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Morning Rounds Megan Thielking

Heads up: STAT's Erin Mershon, Nicholas Florko, and Lev Facher are answering your questions about what the midterms mean for health care in a free live chat tomorrow at 1 p.m. Sign up here

Democrats took the House. Here’s what that means for health and medicine

Propelled by promises to protect people with pre-existing conditions and cut drug costs, Democrats have taken the majority in the House of Representatives. Now, Democrats are in a far better position to test the health care agenda they have campaigned on for the past year. Nancy Pelosi, who could regain her role as House speaker, told STAT recently that addressing high drug prices will be one of the party's first priorities. But their ambitions will likely be curtailed by a Republican-held Senate and and the Trump White House, STAT's Lev Facher reports

Lev was at the watch party last night in New Jersey for Republican Senate candidate and former Celgene CEO Bob Hugin, who lost his bid to unseat Sen. Bob Menendez. Read his dispatch here

How voters cast their ballots on health care issues

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(alex hogan / stat)

Voters across the country also weighed in on ballot measures to expand Medicaid, cap nursing staff ratios, and legalize medical marijuana. Here's what you need to know:

  • Medicaid expansion: Voters in three states — Utah, Idaho, and Nebraska — appeared to approve Medicaid expansion. It's not clear yet whether Montana voters agreed to renew Medicaid expansion funding by raising the cigarette tax. 
  • Medical marijuana: Voters in Utah and Missouri legalized medical marijuana, but North Dakota voters decided against legalization.  
  • Abortion access: In Alabama and West Virginia, voters approved changing their constitutions to make clear they don't protect the right to an abortion or require abortion funding. Those measures could be challenged in court. Voters in Oregon shot down a proposal to ban publicly funded health programs from covering abortions.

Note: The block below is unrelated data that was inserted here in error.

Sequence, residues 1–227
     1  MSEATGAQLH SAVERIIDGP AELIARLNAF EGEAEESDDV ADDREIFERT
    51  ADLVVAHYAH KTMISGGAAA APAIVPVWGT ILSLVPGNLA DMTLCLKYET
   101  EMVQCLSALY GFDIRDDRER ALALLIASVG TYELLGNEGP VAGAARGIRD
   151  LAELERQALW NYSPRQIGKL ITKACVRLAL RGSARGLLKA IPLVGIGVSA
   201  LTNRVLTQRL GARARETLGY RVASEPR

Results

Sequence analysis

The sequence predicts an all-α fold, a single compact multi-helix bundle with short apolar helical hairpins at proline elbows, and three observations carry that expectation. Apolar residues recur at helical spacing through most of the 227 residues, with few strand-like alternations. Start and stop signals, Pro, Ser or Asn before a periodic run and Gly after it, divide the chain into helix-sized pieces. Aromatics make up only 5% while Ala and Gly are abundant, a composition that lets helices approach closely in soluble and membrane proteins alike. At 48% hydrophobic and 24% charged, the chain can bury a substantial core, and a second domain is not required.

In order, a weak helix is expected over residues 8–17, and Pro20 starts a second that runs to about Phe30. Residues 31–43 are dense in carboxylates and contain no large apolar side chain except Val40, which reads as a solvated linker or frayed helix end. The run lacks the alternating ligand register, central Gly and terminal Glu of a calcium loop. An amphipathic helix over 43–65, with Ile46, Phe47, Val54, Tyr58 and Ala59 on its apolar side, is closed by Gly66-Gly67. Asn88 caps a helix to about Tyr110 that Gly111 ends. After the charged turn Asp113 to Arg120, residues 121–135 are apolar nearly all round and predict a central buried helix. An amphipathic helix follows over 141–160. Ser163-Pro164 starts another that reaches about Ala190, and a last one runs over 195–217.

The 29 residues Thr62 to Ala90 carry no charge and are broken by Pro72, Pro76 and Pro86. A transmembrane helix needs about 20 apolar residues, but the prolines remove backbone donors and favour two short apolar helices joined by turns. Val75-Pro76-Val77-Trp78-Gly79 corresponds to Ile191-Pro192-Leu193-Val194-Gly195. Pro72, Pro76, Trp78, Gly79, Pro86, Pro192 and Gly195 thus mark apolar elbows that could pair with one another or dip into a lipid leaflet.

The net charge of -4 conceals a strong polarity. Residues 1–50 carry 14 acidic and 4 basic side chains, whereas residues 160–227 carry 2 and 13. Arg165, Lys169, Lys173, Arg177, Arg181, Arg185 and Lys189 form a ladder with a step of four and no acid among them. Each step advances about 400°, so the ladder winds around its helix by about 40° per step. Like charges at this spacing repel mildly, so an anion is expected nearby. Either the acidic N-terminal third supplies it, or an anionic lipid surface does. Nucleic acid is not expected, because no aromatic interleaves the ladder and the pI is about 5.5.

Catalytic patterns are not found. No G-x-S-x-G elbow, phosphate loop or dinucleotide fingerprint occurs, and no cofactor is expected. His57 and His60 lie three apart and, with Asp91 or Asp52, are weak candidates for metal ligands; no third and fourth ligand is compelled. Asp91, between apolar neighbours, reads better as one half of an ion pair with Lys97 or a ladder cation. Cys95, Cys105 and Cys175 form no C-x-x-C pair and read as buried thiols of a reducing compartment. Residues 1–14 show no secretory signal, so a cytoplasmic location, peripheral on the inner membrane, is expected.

• Nurse staffing: In Massachusetts, voters defeated an initiative spearheaded by a nurses union that would have capped the number of patients assigned to a nurse’s care.
  • Dialysis charges: California voters defeated a measure that would have limited profits for dialysis clinics. The dialysis industry had spent millions to oppose the proposal. 

Three cases of mysterious illness found in Arkansas

Three children in Arkansas have been diagnosed with acute flaccid myelitis, the rare, polio-like condition that can cause limb paralysis. The CDC is investigating a uptick in reported cases of AFM, but still doesn’t know what causes the illness. There have been 80 confirmed cases of AFM across 25 states, according to CDC data through Nov. 2, and most of those cases were kids. Health officials first spotted a spike in AFM cases in 2014, and there have been cases each year since. But the number of cases has been higher on alternate years — and this year is one in which the numbers are higher.

Blood pressure problems as a young adult tied to higher heart disease risk

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(JAMA)

Having high blood pressure and hypertension before age 40 is tied to a higher risk of cardiovascular problems in middle age, researchers report in JAMA. The study followed a cohort of 4,800 adults — some with blood pressure problems, some without — for roughly two decades. Those with elevated blood pressure, stage 1 hypertension, or stage 2 hypertension were significantly more likely to go on to have a stroke, experience heart failure, or develop cardiovascular disease. And while the finding doesn't show cause and effect, the authors say blood pressure guidelines could be used to pinpoint young adults at high risk of heart problems.

Drug distributor urged to overhaul executive pay amid opioid lawsuits

Drug distribution giant Cardinal Health has been hit with a slew of lawsuits alleging it fueled the opioid epidemic by failing to flag or stop suspicious painkiller shipments. Now, ahead of Cardinal's annual shareholder meeting today, some investors are calling on the company to rethink how its execs are paid in light of the possible costs of those lawsuits. Their argument: Settlements and fines could be costly, and executives should shoulder some of that bill. Cardinal has already reached a $20 million settlement with West Virginia and a $44 million agreement with the Justice Department. 

Duncan Hines cake mixes are being recalled

Four kinds of Duncan Hines cake mixes are being recalled as federal officials investigate whether the products are connected to a handful of cases of salmonella. The CDC is looking into five cases of people infected with the same kind of salmonella that turned up in a cake mix sample. It isn't clear yet if those illnesses are tied directly to the cake mix. But several of the people who fell ill reported consuming cake mix before getting sick, and some may also have eaten the cake batter before cooking it. The CDC is reminding people to never eat raw batter and to clean surfaces that came into contact with raw batter.

What to read around the web today

  • Suicides among Japanese children reach highest level in three decades. New York Times
  • How hospitals can tackle the maternal mortality crisis. NPR
  • These six biotech startups got venture funding a year ago. Where are they now? STAT Plus
  • CVS to test stores with added health services early next year after Aetna deal close. CNBC

Thanks for reading! More tomorrow,

Megan

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Wednesday, November 7, 2018

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